Officials with one Mauna Kea tour company says it suffered a $50,000 loss in just one week after the road to the summit closed. It's been 14 days since state officials shut down access to the mountain -- citing safety concerns after protesters moved rocks and boulders onto the roadway, and it remains closed to the public and all commercial activity.
A day before the Board of Land and Natural Resources is set to decide whether to impose strict restrictions on access to Mauna Kea, the longest-standing commercial operator on the mountain is finally breaking its silence about how much the two week road closure, which began June 24, has already cost it.
"Since that time we have been generating about one-third of the revenue that we normally generate, but almost 100% of the same costs," explained Pat Wright, President and owner of Mauna Kea Summit Adventures, which has been offering sunset and stargazing tours for the last 32 years at a price tag of $212 per person.
"We roughly service about 10,000 people a year. It is definitely a highlight tour that people are very excited to come on and typically people book weeks in advance," described base operations manager Mike Sessions.
But company officials say that has changed dramatically since the road was deemed unsafe.
"As far as we know from having walked and inspected it and we've talked to multiple people who've driven up and down the road multiple times, there's no visible hazard of any kind and they haven't been warned of any hazards. So we believe that the premise that the road is closed because the protesters made it dangerous -- that premise is completely false," said Wright.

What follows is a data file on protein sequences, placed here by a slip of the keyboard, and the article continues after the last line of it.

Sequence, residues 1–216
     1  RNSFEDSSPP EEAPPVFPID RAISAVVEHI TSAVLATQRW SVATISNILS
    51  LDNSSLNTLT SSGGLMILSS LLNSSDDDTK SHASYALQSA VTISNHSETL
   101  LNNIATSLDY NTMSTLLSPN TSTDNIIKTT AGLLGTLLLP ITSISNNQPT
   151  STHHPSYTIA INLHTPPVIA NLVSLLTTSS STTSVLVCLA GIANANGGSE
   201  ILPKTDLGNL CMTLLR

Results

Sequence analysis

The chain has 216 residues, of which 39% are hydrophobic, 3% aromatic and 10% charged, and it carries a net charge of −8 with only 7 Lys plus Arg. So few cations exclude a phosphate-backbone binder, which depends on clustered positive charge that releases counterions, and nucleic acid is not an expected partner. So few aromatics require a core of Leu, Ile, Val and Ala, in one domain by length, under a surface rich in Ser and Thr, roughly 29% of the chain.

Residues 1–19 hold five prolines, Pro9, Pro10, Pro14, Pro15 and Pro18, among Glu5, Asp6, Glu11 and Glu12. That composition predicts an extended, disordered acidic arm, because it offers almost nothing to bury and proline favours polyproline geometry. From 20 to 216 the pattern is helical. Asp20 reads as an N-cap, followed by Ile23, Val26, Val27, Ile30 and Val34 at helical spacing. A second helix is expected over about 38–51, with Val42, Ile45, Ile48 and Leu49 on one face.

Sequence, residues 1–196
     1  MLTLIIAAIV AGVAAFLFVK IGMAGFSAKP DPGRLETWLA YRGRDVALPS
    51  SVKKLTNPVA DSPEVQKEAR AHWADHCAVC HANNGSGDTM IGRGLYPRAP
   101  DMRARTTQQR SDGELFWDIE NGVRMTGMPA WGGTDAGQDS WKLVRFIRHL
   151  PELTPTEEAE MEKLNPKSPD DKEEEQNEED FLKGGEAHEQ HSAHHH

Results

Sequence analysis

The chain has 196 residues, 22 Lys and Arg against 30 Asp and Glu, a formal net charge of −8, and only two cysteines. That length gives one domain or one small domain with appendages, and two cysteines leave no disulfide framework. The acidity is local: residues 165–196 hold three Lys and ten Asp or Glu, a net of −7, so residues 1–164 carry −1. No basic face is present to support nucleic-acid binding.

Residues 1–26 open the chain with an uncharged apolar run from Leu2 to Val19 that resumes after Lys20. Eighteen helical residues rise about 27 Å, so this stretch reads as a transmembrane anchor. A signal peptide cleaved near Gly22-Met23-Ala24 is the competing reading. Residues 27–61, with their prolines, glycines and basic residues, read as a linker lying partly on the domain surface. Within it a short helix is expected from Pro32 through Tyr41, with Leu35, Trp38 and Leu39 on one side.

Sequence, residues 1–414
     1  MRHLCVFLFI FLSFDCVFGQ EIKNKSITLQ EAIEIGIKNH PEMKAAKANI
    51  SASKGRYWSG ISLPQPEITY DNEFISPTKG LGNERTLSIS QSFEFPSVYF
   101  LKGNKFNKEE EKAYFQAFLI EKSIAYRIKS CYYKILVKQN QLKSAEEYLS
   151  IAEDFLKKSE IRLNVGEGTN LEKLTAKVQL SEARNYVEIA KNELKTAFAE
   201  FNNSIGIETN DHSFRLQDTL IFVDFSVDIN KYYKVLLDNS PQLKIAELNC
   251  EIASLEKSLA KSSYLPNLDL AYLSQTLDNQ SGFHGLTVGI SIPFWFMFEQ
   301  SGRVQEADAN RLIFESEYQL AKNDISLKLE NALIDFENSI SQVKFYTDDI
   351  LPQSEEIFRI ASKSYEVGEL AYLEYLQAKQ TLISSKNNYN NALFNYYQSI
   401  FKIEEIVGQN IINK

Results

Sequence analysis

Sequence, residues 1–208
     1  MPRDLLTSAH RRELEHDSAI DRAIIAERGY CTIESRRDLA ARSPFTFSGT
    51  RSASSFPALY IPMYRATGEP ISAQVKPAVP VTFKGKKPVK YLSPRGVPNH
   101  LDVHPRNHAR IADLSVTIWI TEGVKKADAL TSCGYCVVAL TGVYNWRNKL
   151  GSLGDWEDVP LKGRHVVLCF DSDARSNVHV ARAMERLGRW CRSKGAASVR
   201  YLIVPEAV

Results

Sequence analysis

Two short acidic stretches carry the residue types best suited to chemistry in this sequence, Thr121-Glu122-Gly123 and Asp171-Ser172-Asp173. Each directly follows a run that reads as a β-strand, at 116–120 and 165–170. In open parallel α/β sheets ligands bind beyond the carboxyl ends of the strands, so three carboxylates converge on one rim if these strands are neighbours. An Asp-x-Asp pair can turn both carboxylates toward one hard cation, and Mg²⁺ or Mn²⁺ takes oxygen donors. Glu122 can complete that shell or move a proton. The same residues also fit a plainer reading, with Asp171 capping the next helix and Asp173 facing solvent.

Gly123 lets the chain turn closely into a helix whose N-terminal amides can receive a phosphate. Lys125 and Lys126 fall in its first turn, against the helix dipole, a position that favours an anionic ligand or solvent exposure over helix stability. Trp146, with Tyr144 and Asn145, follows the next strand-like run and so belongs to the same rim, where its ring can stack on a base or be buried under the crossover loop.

Sessions says he hiked and filmed a two and a half mile route of the road that was once covered with rocks and boulders by protesters, but is now clear.
"We feel the road is safe now. That this is an unnecessary closure and that it's basically a tactic to keep people off the mountain so that they can continue this construction of the TMT," said Sessions.
Company officials say the situation is especially frustrating because they've been told their fees cover the bulk of road maintanence costs, yet they're the ones being denied access while telescope employees can freely come and go.
"The two main attractions to our island is the volcano and Mauna Kea. If you take this away from us you're basically taking our lives away," said Tom Kuali'i, a professional photographer, who is also a road engineer.
"It's a well-maintained road and they have the equipment to do so. They are traveling -- the astronomers now or they're trucking water up there or even the grader that's grading that road -- that's heavy equipment. From my experience, that road is well-maintained. I don't know what the problem is," said Kuali'i.
Wright says he suspects the state is taking advantage of the situation to further their attempts to limit access to the mountain to just the telescope community.
BLNR will vote Friday to establish a temporary emergency rule limiting access within one mile of the Mauna Kea Summit Road between 8 p.m. and 5 a.m; along with restricting camping gear on the mountain.
The proposed emergency rule can be reviewed online at: http://dlnr.hawaii.gov/…/files/2015/07/13-123-21.2-draft.pdf.
The proposed rule can also be reviewed in person at: DOFAW Office on O‘ahu at 1151 Punchbowl Street, Room 325, Honolulu, Hawai‘i 96813 or at the DOFAW Office on Hawai‘i Island at 19 E. Kawili Street, Hilo, Hawai‘i 96720 during regularly scheduled business hours.
The land board will meet July 10, 2015 at 9 a.m. at the Kalanimoku Building (1151 Punchbowl Street) in the Land Board Conference Room 132.